An online discussion group raised an interesting issue for me. Is it possible to teach creative writing? There are certainly techniques all writers need to learn. But are creative writers born or made? What matters more, skill or talent?
Here in Canada, there are a number of universities with highly regarded creative writing degree programs. They produce technically competent writers who churn out novels full of the stream-of-consciousness, politically correct, psychobabble group think that universities specialize in these days instead of knowledge. These graduates produce novels which look alike and which win prestigious awards (voted on by the same university professors who trained them) and which nobody outside academia reads. These books are long on technique and short on substance, produced by 25-year-olds who have spent their entire lives in school and have very little life experience beyond what they have been given second-hand.
I am not denigrating education, both formal and informal. I am grateful for the many skilled editors who have taught me far more than I can ever calculate. I have attended writing conferences and have taught at them. I have four university degrees, including a bachelor’s degree in English and history and a PhD in history. I was a writer before I went to university, but there I became a much better writer. I learned a great deal, gaining a broad knowledge of the world, honing my skills, and endlessly practising my writing.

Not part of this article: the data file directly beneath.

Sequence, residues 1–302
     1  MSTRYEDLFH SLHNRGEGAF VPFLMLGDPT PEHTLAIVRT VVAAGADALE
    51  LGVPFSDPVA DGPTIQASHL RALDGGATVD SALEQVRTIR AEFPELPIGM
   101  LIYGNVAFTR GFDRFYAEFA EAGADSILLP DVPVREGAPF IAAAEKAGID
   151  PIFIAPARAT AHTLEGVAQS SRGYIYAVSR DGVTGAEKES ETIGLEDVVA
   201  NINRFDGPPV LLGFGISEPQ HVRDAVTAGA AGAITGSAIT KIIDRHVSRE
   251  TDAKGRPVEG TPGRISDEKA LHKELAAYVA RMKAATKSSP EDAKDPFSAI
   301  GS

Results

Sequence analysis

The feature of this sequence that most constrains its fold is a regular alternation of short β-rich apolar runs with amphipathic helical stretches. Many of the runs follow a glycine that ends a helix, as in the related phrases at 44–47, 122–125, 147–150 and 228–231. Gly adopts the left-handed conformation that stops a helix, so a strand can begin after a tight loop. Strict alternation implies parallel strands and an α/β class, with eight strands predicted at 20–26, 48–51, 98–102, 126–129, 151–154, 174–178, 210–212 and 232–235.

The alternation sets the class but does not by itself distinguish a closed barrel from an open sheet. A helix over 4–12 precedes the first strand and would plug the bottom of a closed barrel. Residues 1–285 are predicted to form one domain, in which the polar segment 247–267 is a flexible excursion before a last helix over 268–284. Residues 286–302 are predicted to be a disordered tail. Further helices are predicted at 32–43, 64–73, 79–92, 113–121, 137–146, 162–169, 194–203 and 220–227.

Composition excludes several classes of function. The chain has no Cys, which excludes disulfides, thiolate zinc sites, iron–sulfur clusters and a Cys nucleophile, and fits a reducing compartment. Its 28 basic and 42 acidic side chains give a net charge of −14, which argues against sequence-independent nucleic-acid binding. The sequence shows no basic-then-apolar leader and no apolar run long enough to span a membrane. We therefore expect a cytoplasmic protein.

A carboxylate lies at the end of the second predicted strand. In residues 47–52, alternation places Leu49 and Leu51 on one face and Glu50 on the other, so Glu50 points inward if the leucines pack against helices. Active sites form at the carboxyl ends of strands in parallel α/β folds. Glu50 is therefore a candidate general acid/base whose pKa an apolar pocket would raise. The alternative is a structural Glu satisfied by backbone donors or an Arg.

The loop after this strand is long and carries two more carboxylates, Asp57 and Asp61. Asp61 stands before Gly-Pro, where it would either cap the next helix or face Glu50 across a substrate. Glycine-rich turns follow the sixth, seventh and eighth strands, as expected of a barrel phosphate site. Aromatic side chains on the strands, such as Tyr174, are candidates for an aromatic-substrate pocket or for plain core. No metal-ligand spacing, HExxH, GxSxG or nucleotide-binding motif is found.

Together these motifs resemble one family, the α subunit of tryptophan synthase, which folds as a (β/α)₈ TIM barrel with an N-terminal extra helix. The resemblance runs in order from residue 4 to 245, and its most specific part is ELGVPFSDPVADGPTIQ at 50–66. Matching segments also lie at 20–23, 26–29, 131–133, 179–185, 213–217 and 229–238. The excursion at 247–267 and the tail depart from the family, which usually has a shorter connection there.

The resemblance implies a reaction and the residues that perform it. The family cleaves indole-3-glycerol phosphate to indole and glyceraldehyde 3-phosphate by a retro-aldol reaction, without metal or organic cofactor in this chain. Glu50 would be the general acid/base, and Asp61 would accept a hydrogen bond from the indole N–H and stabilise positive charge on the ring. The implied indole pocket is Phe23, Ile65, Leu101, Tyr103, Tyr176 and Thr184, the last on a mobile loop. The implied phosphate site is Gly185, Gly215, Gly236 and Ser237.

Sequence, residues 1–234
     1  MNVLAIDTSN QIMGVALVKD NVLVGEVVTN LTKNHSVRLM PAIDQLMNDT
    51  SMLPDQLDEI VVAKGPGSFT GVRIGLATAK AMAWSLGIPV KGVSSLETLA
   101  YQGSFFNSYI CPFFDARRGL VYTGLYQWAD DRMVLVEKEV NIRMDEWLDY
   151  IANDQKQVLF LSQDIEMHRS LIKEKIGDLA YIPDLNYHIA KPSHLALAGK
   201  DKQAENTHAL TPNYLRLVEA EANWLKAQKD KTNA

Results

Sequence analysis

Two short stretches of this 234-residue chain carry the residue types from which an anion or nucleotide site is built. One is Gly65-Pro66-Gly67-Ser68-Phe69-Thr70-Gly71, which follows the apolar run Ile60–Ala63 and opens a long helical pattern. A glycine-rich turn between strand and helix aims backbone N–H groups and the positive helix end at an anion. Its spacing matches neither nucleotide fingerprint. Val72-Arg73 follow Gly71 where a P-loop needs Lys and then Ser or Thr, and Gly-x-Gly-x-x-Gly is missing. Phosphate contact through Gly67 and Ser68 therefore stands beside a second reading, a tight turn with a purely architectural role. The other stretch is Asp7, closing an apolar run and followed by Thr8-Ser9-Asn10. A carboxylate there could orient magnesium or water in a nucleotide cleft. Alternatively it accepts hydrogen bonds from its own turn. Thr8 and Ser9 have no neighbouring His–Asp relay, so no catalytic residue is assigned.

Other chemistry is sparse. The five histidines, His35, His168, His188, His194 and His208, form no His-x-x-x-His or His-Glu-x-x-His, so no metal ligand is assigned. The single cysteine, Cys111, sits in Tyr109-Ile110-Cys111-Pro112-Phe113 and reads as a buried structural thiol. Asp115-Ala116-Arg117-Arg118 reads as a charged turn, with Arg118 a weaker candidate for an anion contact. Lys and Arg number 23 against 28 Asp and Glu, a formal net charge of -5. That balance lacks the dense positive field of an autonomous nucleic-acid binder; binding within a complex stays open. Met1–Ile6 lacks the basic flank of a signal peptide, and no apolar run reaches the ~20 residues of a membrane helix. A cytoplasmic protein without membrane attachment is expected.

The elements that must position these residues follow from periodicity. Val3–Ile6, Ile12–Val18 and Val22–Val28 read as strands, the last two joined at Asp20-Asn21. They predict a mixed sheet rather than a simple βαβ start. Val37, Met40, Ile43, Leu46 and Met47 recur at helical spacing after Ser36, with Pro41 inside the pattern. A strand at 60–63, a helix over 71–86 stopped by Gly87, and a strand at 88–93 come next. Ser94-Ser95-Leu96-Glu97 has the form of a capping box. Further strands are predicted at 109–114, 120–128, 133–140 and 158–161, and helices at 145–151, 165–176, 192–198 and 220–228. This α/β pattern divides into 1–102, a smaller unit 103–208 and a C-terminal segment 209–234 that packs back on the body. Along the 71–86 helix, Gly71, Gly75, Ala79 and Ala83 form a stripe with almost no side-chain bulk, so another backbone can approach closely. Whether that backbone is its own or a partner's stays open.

But the point is that it is called creative writing for a reason. The essence of creative writing is to be creative, not to follow a formula devised and taught by someone else.
In one of my university English classes, I came across a commentary that asked how the barely literate John Bunyan could produce a literary classic such as Pilgrim’s Progress. The commentator reached a surprising conclusion: Bunyan demonstrated that the most crucial prerequisite for a great writer is to have something important to say.